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FIRE Ratings

SerenityJadeSerenityJade 1204 replies22 discussionsRegistered User Posts: 1,226 Senior Member
edited November 2012 in College Search & Selection
If anybody has heard of Foundation for Individual Rights in Education (FIRE), they know that it's an organization that pretty much speaks up for those who have their freedom of speech oppressed on college campuses. I was looking at the site and found their rating system and decided to look up some of the more "popular" schools (mostly the Ivies that people here are obsessed with) and found that...

Just imagine a stoplight...

Stanford has a rating of yellow
Harvard has a rating of red
Yale has a rating of yellow
Princeton has a rating of red
MIT has a rating of yellow
Caltech has a rating of red
Amherst College has a rating of yellow
UMass - Amherst has a rating of red
UTexas - Austin has a rating of red
Johns Hopkins has a rating of red
Cornell has a rating of red
Columbia has a rating of red
Brown has a rating of red
UPenn has a rating of GREEN
Dartmouth has a rating of GREEN

That was just an order of colleges that came to my head as I was going through...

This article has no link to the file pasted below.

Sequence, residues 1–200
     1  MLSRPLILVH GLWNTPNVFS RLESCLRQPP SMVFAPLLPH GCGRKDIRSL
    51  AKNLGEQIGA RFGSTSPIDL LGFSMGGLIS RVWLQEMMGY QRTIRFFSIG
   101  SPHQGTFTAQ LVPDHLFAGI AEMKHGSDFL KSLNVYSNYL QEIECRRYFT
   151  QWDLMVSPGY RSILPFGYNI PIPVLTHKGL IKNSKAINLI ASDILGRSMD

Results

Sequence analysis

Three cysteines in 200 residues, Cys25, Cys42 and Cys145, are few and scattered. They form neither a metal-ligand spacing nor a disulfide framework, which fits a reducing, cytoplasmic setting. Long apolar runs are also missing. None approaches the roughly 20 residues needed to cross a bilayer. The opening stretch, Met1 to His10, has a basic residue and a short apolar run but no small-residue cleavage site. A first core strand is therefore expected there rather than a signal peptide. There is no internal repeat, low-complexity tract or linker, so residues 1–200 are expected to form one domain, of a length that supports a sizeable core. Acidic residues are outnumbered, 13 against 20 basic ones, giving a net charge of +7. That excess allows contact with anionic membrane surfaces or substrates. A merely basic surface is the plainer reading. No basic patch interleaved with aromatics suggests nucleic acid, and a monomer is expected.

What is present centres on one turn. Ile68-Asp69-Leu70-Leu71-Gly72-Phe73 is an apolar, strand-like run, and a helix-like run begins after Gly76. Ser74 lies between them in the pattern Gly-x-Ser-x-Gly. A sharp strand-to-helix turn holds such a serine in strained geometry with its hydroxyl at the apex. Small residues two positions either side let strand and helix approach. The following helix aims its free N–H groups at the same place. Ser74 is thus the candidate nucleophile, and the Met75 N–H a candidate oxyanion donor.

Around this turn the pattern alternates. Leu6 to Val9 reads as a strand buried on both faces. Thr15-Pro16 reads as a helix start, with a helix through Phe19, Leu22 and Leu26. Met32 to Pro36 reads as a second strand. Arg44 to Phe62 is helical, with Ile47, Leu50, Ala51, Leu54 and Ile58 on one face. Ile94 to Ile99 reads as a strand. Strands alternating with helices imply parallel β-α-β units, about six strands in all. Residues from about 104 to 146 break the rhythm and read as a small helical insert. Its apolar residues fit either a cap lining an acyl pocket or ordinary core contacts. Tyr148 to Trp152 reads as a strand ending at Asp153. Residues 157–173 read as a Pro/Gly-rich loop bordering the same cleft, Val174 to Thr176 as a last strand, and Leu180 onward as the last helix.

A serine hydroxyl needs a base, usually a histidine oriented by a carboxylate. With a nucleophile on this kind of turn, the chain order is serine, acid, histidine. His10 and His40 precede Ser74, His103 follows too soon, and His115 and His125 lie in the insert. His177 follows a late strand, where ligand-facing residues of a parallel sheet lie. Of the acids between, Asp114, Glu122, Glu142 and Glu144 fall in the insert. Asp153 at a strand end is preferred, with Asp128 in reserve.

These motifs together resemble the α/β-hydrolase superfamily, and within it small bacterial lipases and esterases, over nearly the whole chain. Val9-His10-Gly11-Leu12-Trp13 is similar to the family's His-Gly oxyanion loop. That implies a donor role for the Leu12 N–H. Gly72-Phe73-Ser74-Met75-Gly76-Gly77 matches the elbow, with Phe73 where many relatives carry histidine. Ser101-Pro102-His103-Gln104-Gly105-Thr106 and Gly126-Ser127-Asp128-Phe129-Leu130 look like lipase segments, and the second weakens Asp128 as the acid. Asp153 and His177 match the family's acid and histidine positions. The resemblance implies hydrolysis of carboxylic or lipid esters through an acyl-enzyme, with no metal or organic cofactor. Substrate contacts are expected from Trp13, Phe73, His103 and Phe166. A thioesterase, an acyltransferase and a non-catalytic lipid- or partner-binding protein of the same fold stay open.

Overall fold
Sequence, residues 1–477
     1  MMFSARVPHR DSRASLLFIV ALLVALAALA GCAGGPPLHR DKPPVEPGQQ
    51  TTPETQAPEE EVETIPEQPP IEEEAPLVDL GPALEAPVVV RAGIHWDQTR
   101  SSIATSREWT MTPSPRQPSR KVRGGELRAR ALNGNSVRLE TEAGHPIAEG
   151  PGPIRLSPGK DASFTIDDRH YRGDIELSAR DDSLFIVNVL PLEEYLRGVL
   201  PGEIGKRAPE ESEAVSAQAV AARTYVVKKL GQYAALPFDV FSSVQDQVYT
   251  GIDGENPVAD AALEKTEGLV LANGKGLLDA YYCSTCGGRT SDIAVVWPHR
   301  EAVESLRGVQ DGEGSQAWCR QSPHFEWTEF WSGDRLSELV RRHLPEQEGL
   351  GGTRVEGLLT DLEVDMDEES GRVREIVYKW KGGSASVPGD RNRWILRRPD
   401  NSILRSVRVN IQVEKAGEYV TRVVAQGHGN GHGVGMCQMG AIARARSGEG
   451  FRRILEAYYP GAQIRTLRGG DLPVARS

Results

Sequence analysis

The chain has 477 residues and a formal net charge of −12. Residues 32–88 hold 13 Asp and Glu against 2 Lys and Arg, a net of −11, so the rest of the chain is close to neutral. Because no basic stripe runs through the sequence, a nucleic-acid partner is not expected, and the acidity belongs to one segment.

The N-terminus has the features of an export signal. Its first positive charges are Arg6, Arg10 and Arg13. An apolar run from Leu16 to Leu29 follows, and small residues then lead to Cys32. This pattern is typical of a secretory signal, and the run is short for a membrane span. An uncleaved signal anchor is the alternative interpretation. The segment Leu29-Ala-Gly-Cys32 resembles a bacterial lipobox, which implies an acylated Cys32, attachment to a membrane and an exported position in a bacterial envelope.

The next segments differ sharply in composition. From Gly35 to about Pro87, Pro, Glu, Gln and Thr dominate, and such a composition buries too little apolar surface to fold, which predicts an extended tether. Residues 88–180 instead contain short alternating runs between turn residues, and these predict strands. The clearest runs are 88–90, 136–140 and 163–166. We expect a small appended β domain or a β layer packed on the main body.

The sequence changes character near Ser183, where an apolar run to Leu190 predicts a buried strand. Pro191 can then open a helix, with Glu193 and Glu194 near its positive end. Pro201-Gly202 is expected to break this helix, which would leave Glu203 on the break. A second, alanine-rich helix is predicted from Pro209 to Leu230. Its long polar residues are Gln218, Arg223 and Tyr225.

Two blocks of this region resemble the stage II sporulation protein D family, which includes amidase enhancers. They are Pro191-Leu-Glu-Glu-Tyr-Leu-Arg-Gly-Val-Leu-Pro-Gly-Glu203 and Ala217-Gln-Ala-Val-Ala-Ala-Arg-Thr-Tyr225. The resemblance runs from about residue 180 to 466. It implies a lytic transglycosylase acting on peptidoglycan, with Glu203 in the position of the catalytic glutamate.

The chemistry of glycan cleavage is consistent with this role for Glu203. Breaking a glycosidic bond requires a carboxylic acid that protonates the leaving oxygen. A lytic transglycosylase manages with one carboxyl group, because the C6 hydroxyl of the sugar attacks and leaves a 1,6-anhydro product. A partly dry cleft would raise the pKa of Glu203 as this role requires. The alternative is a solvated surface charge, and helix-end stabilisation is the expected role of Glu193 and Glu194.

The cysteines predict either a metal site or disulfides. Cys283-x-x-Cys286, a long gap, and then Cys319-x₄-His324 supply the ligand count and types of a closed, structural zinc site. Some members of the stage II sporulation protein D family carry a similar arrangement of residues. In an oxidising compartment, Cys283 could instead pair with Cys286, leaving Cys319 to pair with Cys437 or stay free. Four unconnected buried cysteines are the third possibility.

Now, I want to be clear here that I didn't go through the reasons why each of these are given the rating they are.

I just found this interesting and wanted to see if anyone else might be surprised by some of these rankings...


Welcome to FIRE?s Spotlight - The Foundation for Individual Rights in Education - FIRE
edited November 2012
20 replies
Post edited by SerenityJade on
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Replies to: FIRE Ratings

  • invasioninvasion 54 replies1 discussionsRegistered User Posts: 55 Junior Member
    This is hilarious. Please don't tell me that you take this as a serious civil rights organization, because it seems to me that it's just another far-right fringe group that happens to have a better-designed website than most.

    Harvard and Princeton are penalized because they have stricter policies on sexual and racial harassment than Penn. Naturally, they are worse universities, right? None of the yellow/red schools are rated poor because of any actual oppression. No one is being told they can't speak out against the administration, or hold protests for a political cause, or anything like that.